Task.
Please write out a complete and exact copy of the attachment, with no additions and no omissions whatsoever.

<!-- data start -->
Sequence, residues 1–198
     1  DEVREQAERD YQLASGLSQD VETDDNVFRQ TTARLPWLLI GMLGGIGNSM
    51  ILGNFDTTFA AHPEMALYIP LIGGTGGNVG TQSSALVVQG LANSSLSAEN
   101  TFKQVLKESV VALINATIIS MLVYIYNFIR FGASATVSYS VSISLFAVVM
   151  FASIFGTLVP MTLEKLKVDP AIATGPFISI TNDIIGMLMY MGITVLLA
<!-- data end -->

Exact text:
Sequence, residues 1–198
     1  DEVREQAERD YQLASGLSQD VETDDNVFRQ TTARLPWLLI GMLGGIGNSM
    51  ILGNFDTTFA AHPEMALYIP LIGGTGGNVG TQSSALVVQG LANSSLSAEN
   101  TFKQVLKESV VALINATIIS MLVYIYNFIR FGASATVSYS VSISLFAVVM
   151  FASIFGTLVP MTLEKLKVDP AIATGPFISI TNDIIGMLMY MGITVLLA